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For teens

What are opioids?

Opioids are prescription pain pills. They are legal and can be prescribed by doctors for painful injuries or illnesses. If taken as directed by the doctor, opioids can help lessen and dull pain. However, if taken against doctors’ orders, it can lead to opioid abuse. Some commonly prescribed or used opioids are oxycodone, hydrocodone, codeine and morphine.

Okay, but what does ‘opioid abuse’ mean?

Opioid abuse is if someone takes pain pills in a different way from how the doctor said the pills should be taken. Consider the following scenarios:
  • Your friend breaks his arm playing basketball. A doctor prescribes your friend some pain pills. Your friend is in a lot of pain so he takes his pain pills as the doctor instructs. A few weeks later, his pain goes away, but your friend likes the way the pain pills make him feel, so he keeps taking them. 
This is opioid abuse.
  • Your cousin lives with her grandma. Her grandma is home and in recovery from surgery. Her grandma was prescribed pain pills to help manage her pain until she’s fully recovered. After a few weeks, she is back to her old self, but she still has some pain pills left in the medicine cabinet. Out of curiosity, your cousin takes a pill from Grandma’s medicine cabinet. She likes how it makes her feel. The next day, she takes another. This becomes habit.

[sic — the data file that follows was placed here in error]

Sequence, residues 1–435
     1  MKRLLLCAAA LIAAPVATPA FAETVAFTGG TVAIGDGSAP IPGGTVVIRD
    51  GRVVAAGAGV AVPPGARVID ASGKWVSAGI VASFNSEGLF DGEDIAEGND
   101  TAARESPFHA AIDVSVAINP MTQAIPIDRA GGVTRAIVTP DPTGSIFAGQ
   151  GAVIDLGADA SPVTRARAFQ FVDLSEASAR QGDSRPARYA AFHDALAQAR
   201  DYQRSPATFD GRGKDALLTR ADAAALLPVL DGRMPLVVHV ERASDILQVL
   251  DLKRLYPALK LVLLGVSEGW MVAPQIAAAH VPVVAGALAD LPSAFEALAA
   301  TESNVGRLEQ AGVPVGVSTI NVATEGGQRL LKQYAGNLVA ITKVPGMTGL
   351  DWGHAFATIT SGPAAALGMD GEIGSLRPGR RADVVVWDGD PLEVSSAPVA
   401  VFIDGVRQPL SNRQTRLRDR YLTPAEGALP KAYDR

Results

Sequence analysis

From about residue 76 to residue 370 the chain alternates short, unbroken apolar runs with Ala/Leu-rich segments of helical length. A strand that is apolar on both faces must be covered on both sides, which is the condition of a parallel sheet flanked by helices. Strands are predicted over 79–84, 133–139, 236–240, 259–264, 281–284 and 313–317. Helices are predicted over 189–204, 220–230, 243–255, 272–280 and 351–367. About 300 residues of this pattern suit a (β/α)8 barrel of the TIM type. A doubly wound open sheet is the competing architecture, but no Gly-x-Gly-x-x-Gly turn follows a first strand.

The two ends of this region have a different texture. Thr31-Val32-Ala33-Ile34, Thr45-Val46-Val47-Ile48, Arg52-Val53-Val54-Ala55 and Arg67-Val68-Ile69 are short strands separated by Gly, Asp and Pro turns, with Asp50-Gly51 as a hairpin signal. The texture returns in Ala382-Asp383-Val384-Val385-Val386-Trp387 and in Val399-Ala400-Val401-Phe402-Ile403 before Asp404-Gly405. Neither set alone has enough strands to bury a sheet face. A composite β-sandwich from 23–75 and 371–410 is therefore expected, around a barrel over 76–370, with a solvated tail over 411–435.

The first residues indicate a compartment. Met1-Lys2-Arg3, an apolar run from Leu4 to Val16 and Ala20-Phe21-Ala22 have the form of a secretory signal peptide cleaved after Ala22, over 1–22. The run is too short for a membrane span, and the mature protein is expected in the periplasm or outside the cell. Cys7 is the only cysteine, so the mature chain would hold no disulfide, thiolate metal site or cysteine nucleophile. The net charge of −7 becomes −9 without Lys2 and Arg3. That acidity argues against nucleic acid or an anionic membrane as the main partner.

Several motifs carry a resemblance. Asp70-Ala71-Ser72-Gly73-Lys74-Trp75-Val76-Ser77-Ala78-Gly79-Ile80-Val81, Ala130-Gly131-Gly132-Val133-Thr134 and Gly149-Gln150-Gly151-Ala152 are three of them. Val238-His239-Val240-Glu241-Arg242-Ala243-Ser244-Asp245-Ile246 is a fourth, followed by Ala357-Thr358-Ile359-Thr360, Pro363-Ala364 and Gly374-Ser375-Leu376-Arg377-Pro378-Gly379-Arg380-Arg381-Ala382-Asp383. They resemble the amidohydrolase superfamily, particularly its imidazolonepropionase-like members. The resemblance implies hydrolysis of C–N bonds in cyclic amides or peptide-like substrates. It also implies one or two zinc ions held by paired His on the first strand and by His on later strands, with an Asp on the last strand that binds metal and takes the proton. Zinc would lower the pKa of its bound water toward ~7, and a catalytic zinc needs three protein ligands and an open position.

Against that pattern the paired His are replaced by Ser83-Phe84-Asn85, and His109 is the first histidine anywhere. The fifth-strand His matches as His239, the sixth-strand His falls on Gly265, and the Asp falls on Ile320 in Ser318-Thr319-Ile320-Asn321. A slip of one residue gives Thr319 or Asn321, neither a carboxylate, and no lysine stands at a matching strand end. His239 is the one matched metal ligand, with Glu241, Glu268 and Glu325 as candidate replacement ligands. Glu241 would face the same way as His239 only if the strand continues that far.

This is opioid abuse.

  • There’s nothing better than spending a Friday night with your friends at a party. Good food, good music and a bonfire to go with it. A few of your buddies also bring pain pills to these parties. They take them, expressing how good the pills make them feel. You noticed they’ve started taking them during school, too.
This is opioid abuse. 

So, what’s the point?

The point is drug and opioid addiction can happen to anyone – including you, one of your friends, a family member, anyone! 

I think I know someone who might be addicted. What should I do?

If you think you know a friend or family member who might be addicted to opioids or other drugs, follow the five steps below:
  1. Notice the symptoms – Does your friend seem/act/look different to you?

  2. Face your friend – Approach your friend. Don’t feel uncomfortable. Remember it’s all for the best.

  3. Talk and listen – This is your chance. Talk calmly. Express your concerns. Mention the things you’ve noticed. Ask the question, “What’s going on?” Then, listen. Always listen.

  4. Support ‘em and don’t judge – A hug, an “I love you, man,” a fist bump. Whatever it takes to let them know they are not alone.

  5. Act now and get ‘em help – Now take the leap and get them help. Talk to an adult you trust: a teacher, coach or family member. If you don’t have anyone who you think could help, call the Substance Abuse and Mental Health Services Administration (SAMHSA) hotline at 800-662-HELP (4357)
Teens at school

Related information

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If my teen is using, how will I know?

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